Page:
This column was originally published December 30, 2002.
The Old Year is about to pass from us, and Etiquetteer, chilling champagne and starching a shirtfront, feels compelled to share a few thoughts and instructions for New Yearâ€™s Eve, the most universal and accessible holiday of all.
Poor dear depressed Oscar Levant once said â€śScratch the fake tinsel of Hollywood and youâ€™ll find the real tinsel underneath.â€ť Sadly, Etiquetteer knows many people who feel just that way about New Yearâ€™s Eve. A much-maligned occasion, many people dismiss it as a manufactured holiday meaning nothing and falsely glamorous. In a world that reveres Britney Spears, Abercrombie & Fitch, and game shows like â€śRussian Roulette,â€ť Etiquetteer will take his glamour where he can find it, thank you very much!
Besides, New Yearâ€™s Eve is the one holiday that everyone on earth can celebrate together. All races, colors, creeds, and orientations use the same calendar to function in daily life, so why not bring us all together for a global occasion?! Etiquetteer thinks New Yearâ€™s Eve has the capacity to create world peace.
New York City has given the world the two most enduring versions of how New Yearâ€™s Eve is celebrated. While Guy Lombardo and his Royal Canadians syncopate in the ballroom of the Waldorf-Astoria Hotel for elegantly dressed and coiffed high society types swirling through a blaze of streamers, confetti, party hats and tiaras, the excitable masses squeeze themselves into Times Square, shrieking and waving at television cameras until the ball drops. Rowdiness is not unknown in either location — Etiquetteer knows of one lady, now quite elderly, who lost her shoes one New Yearâ€™s Eve in Times Square, so compressed by the crowd was she — and for many that enhances their enjoyment. Etiquetteer can only go figure.
But Etiquetteer will not hold you to the standard of Gotham, however glamorous it may be, to celebrate this Occasion. Make your own glamour in your own Perfectly Proper way! Whether you are gathered around the dinner table, concert stage, hot tub, pulpit, coffee maker, hookah, or piano, spend this holiday with people you care for deeply. More than all the tenacious gift-giving of Christmas, tonight is a night to remind the people you love how special theyâ€™ve been to you in the past year. Which, if you pay attention, is what the lyrics of â€śAuld Lang Syneâ€ť are all about. Thatâ€™s why itâ€™s sung at midnight.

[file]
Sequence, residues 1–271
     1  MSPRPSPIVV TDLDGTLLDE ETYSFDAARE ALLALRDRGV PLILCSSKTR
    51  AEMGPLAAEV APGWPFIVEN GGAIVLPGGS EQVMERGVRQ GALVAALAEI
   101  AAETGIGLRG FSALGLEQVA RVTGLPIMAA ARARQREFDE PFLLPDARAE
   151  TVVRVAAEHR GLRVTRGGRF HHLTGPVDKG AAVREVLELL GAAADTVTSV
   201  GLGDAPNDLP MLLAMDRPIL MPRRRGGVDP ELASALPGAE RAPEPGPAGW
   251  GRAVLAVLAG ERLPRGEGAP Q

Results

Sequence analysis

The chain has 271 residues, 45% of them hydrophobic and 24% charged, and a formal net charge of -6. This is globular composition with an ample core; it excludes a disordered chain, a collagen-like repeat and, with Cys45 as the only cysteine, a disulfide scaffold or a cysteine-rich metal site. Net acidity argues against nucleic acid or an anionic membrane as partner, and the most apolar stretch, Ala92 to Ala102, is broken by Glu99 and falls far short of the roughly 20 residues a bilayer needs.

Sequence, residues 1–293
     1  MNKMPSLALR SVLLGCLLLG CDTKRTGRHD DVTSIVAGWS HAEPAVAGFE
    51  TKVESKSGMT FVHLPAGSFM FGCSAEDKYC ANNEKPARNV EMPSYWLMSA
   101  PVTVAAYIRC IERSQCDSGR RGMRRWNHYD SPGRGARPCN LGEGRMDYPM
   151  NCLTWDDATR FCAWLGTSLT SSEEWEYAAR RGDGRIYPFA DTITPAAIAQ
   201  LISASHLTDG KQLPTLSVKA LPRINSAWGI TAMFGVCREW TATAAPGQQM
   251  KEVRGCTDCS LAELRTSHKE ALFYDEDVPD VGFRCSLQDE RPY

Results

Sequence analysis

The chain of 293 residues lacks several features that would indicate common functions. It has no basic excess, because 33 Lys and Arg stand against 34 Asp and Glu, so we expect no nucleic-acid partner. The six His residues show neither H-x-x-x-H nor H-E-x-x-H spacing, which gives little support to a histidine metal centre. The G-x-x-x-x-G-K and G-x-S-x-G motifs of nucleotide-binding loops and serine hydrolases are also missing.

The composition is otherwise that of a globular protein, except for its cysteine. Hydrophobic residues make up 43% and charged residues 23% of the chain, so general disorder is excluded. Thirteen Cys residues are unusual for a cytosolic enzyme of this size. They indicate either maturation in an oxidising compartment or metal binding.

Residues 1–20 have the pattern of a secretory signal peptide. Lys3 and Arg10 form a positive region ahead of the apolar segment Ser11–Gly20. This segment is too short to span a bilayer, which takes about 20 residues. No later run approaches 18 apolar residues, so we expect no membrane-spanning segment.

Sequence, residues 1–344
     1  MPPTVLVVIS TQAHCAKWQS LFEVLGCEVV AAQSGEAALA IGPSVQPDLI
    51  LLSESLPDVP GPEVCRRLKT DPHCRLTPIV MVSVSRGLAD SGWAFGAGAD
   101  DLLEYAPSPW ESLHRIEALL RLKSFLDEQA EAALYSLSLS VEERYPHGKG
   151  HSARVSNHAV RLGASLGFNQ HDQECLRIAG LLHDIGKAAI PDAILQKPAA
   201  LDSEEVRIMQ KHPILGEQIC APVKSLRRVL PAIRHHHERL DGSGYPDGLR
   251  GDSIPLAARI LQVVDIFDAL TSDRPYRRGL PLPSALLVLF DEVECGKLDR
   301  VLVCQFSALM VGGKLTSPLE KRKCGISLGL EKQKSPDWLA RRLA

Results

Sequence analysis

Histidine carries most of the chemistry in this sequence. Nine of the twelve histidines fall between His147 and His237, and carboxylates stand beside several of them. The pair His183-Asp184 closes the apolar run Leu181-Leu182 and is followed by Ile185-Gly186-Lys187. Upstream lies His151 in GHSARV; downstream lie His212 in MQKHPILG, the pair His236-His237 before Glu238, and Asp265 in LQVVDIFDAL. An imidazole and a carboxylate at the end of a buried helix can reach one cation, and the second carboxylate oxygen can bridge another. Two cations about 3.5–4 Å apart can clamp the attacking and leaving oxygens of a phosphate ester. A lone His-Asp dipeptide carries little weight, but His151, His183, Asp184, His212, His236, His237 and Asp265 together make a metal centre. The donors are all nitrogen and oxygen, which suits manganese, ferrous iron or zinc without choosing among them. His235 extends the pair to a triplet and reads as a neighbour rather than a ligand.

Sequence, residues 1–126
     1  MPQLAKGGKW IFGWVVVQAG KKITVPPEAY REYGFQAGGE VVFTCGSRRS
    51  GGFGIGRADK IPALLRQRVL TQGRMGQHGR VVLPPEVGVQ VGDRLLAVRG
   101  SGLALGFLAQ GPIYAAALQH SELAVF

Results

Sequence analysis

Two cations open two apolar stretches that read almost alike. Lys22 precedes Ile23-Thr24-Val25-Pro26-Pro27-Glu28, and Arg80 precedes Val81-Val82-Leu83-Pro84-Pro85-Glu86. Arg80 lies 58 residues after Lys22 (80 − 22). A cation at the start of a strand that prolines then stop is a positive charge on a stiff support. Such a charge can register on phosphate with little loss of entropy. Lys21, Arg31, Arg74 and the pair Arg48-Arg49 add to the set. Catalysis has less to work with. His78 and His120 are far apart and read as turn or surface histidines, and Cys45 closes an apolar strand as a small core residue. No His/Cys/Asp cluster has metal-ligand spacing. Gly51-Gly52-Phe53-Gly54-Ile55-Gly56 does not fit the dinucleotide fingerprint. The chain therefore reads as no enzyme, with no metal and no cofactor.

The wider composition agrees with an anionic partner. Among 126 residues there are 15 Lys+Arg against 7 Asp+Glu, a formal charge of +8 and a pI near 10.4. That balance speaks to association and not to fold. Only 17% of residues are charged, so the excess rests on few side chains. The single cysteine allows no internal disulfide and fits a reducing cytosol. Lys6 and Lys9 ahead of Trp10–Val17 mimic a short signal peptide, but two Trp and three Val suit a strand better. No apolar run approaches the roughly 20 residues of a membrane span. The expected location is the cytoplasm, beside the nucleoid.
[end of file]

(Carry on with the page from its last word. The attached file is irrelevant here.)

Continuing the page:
And you had best stay up until midnight to sing it! Etiquetteer doesnâ€™t care if you go to bed at exactly 12:00:30, but the point of New Yearâ€™s Eve is participating at the exact second the Old Year passes. Ringing in the New Year at 7:00 PM just because it’s midnight somewhere in the world doesn’t cut it; if it’s not midnight where you are, it just isn’t midnight.
And please, dress appropriately. If you’re cavorting with the rabble in Times Square, combat gear will protect your person from the weather and God knows what else. Otherwise, believe it or not, black tie is not required – check with your hostess first.
That said, Etiquetteer dearly wants you to break out a tiara for the evening whatever youâ€™re wearing (even if itâ€™s nothing at all in the hot tub). â€śI do not pretend to understand,â€ť says Uncle Paxton in Clemence Daneâ€™s delightful novel The Flower Girls, â€śwhy tiaras should make so much difference to my enjoyment of the evening, but they did. Certain objects are romantic on their own account. A tiara is one of them.â€ť Whether you rush to the vault for the diamonds or the drugstore for the foil-coated cardboard, tonight is the night for this un-American but oh-so-much-fun accessory.
And now, should auld acquaintance be forgot, Etiquetteer fondly and sincerely wishes you a New Year of Peace, Prosperity, and Perfect Propriety.